In Saigon syndrome (we need a good name for this), anyone who tries to rescue people from a prison gets seen as an enemy of the people. The doctors and clinical psychologists who come along to shelter you from something disturbing get seen as the White Knights.
These posts will disturb, unsettle and anger some? Should they not happen?
I and others have gone down and will continue to go down a non-violent route. This is what RxISK is all about.
One of RxISK’s main goals was to tackle the violence of the system by getting people not just to file RxISK reports but to take them to their doctors . Among the most astonishing things this has shown is that people are too plain scared to do so. They sense their doctors will get nasty. And many doctors probably will get nasty, because doctors sense the system will get nasty with them if they don’t squash out dissent.
It is clear that pretty well everyone is being traumatised the whole time. The momentary disturbance triggered by seeing a photograph hints at the pressure everyone is under.
This pressure is not going to go away unless we tackle it. Part of the difficulty in tackling it is alerting people to the fact that their problems don’t come from rogue doctors who make mistakes but from good doctors who keep to guidelines – based on junk. There are few better symbols of the violence of the system than the craven attitude of bodies like NICE to the refusal of pharma to hand over the data.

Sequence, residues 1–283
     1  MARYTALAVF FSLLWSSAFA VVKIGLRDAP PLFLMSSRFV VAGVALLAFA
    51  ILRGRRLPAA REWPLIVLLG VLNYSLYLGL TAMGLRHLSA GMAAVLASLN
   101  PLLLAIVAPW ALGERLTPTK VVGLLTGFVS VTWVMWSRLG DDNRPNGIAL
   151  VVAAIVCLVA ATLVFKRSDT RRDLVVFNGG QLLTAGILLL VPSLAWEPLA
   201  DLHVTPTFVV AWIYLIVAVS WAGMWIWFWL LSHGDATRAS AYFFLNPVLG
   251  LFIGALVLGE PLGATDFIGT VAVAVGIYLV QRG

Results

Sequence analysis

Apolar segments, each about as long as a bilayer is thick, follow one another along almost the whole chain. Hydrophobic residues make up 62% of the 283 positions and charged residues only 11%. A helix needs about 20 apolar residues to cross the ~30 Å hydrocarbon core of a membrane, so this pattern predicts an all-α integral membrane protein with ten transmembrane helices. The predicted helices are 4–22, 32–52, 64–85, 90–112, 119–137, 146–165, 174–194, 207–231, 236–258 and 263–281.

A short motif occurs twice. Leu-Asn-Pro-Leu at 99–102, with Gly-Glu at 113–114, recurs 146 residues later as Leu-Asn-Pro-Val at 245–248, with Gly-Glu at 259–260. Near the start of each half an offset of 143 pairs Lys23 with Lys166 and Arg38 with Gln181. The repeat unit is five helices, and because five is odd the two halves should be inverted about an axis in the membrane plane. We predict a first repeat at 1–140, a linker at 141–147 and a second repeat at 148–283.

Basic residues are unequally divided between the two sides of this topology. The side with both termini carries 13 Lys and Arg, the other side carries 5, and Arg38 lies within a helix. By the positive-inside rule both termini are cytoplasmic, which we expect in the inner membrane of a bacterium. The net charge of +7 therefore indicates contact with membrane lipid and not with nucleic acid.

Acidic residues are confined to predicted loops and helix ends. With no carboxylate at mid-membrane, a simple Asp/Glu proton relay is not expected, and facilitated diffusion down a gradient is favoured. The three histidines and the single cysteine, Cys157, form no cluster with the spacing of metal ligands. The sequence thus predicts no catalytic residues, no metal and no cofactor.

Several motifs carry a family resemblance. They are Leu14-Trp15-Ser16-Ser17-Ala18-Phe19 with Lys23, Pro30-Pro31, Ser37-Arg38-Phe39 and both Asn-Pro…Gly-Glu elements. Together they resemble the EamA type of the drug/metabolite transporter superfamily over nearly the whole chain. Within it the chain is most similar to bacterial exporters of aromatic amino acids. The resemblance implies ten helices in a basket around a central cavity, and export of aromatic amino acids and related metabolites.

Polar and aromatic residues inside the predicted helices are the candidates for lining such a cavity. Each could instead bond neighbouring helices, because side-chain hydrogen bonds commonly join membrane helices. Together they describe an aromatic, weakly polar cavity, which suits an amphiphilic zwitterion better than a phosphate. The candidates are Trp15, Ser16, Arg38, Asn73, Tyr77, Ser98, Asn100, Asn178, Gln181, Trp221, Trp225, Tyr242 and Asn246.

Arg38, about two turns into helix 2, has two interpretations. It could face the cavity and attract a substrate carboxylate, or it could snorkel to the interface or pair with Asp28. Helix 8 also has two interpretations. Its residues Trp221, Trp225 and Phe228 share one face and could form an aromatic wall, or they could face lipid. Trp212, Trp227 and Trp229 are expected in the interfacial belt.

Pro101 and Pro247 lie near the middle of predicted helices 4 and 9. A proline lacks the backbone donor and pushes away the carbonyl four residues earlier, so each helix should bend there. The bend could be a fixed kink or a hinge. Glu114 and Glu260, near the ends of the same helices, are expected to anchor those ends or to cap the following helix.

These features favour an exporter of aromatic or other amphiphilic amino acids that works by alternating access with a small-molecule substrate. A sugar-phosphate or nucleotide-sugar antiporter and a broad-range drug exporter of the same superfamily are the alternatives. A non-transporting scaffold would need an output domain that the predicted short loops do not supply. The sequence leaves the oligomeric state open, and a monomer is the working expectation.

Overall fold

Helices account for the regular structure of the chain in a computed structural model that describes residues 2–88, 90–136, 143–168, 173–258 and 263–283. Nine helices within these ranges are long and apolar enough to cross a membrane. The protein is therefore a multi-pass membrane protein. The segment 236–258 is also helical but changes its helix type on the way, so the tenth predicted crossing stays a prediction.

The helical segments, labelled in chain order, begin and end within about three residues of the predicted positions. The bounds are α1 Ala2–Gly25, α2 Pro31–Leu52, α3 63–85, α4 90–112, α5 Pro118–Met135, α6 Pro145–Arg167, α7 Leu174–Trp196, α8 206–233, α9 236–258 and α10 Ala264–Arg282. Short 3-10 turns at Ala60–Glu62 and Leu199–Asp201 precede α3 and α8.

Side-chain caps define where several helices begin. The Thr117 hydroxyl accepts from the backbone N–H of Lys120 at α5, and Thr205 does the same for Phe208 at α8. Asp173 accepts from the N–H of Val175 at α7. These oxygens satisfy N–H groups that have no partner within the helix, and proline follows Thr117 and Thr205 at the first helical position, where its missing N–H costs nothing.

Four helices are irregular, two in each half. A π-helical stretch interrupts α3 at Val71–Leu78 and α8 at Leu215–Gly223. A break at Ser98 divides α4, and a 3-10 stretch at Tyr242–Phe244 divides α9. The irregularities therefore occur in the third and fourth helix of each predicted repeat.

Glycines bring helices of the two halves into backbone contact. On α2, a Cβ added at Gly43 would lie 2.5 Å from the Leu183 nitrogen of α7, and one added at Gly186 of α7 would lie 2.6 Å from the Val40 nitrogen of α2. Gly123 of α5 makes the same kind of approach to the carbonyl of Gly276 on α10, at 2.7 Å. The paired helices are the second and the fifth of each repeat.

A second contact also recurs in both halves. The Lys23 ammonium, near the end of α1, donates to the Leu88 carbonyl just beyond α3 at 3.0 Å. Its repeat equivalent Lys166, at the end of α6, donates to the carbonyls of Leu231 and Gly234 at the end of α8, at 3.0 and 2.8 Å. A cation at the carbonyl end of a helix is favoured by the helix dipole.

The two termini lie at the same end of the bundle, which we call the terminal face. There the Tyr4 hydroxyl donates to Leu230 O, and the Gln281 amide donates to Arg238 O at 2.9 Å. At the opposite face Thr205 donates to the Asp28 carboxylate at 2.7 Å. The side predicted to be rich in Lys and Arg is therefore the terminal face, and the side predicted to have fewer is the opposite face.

Its not just NICE who are part of the problem – its non-governmental bodies (NGOs) like Medicins sans Frontiers (MSF), (Doctors without Borders), George Soros’ Open Society, Health Action International (HAI), the American Civil Liberties Union (ACLU) and others involved in Access to Medicines campaigns who will fight the easy fight about the cost of drugs and not the fight about access to the data that turns a chemical into a medicine.
Its not just regulators, and guideline bodies and NGOs who are part of the problem, its everyone who turns to complementary medicine or antipsychiatry or who rejects the medical model one way or the other.
Its professional bodies like clinical psychologists who scream blue murder about trauma but never help a patient disabled by the side effects of drugs to stand up to the doctor who has put them on the drugs.
The system depends on everyone to quietly get on the trains that turn up to take us East. This is a hazard of bureaucracy that was put on our radar by Max Weber a century ago. There was a “there there now Max” response at the time and later outrage at the suggestion he might have been predicting the Holocaust. We are nowhere nearer getting to grips with this than we were a century ago.